For a better experience, click the Compatibility Mode icon above to turn off Compatibility Mode, which is only for viewing older websites.

Spring 2021 CoAS Interdepartmental Research Showcase


June 1, 2021

The Spring 2021 CoAS Interdepartmental Research Showcase was held on Wednesday, May 26. Thank you to everyone who shared their research, and congratulations to the following prize winners:

First Prize: Emily Greberman

Criminology & Justice Studies and Psychology

Title: Twitter As a Mechanism for Coping with a Traumatic Event: Ferguson and the Shooting of Michael Brown

Abstract: This analysis examines how a community used social media to cope with a highly public traumatic event and how the community itself became a self-documenting ethnographic unit. To make this connection, this study analyzed public Tweets (n= 2,023) made from people in Ferguson, Missouri, from August 9 - September 1, 2014, to identify dimensions of coping resulting from the shooting of Michael Brown that occurred on August 9, 2014. Grounded primarily in psychological theories of trauma and coping, this study identifies themes such as solidarity, grieving, community organization and calls for justice within these tweets. These themes represent how a community used a social media platform to process a highly public and socially charged traumatic event. This research highlighted concepts such as the power of social media, the impact of collective trauma and how a community copes together.

Second Prize: Fareshte Erani and Elizabeth Espinal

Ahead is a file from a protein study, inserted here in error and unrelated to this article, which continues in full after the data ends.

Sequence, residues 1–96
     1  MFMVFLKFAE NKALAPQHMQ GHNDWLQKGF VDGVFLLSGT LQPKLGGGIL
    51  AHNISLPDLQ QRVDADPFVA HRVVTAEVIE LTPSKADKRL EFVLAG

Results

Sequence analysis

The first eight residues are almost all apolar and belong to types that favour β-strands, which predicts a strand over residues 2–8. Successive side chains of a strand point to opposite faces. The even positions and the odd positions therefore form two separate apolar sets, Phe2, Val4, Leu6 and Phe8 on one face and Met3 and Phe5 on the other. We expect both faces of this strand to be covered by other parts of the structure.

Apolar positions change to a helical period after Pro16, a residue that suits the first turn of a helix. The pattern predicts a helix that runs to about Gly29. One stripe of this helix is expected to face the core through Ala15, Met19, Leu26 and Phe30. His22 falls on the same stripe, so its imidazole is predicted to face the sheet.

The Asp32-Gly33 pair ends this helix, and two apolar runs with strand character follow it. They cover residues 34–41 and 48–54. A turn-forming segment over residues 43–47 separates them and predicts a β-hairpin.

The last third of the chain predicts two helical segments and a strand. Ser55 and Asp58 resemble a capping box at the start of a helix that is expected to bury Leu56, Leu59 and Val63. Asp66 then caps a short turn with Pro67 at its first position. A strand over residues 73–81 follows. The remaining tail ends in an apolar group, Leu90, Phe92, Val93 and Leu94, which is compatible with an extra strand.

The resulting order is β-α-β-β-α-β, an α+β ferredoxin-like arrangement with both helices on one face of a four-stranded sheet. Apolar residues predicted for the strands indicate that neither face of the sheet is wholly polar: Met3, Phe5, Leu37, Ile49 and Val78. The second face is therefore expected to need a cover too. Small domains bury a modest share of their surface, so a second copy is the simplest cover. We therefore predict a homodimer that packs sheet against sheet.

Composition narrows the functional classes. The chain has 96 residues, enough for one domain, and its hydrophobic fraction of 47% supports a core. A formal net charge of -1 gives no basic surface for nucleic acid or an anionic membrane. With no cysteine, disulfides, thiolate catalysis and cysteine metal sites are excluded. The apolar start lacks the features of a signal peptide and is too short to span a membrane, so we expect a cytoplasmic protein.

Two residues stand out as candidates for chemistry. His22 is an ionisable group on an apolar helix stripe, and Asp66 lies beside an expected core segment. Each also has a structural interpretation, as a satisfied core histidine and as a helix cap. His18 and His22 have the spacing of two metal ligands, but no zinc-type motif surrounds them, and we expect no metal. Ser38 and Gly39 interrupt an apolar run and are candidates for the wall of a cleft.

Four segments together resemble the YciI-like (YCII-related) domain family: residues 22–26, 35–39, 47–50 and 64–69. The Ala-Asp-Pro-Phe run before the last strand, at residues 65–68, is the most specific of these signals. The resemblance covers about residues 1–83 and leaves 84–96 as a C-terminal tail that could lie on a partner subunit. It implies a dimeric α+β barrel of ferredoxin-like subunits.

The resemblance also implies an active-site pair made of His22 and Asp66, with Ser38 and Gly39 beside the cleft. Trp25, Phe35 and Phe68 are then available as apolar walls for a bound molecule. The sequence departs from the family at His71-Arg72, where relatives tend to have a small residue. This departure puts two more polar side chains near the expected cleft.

Erani's Title: The Role of an Effort-Reward Imbalance in Cognitive Fatigue

Abstract: Fatigue, specifically mental (cognitive) fatigue, is commonly reported in many clinical syndromes, including multiple sclerosis, and contributes substantially to decrements in quality of life, work and disability in these diseases, with no reliable treatments. The proposed research will test a model of cognitive fatigue from cognitive neuroscience using neuroimaging techniques and computerized testing. If successful, this research could provide a new understanding of the basis of cognitive fatigue and lead to assessments and treatments that reduce the burdens of fatigue in patients.

Espinal's Title: Forget forgetting: Uncovering the neural mechanisms of targeted memory reactivation during sleep in humans

Abstract: The purpose of the project is to identify the exact spatio-temporal interplay of slow wave neural activity and ripples between the hippocampus, auditory and frontal cortices that may explain the consolidation effect in targeted memory reactivation (TMR) during sleep. This question will be examined using intracranial electroencephalography (iEEG) data recorded in surgical epilepsy patients. This method will allow the unique spatial and temporal resolution needed to investigate TMR consolidation during sleep in humans, which has never been done before.

Third Prize: Joshua McGinnis


Title: The Dynamics of Lattice Systems with Random Components

Abstract: Lattices can be used to model spatially regular interactions of many nodes. Often it is assumed a lattice has only deterministic properties. For example, in a crystal, the atoms are assumed to be periodic. In reality, we should expect lattices to have random impurities or irregularities. Therefore, we study the dynamics of spring-mass lattices where the masses and springs vary randomly. Since it is very difficult to predict the exact dynamics of any one node, we use homogenization theory to approximate macroscopic, collective dynamics of many nodes. We find the same kind of approximate dynamics in lattices with random components as we do in lattices with non-random components. However, the added randomness makes the approximation less accurate in a way we can quantify. Since the random irregularities can make the approximation less accurate, they should be taken into consideration in such lattice systems.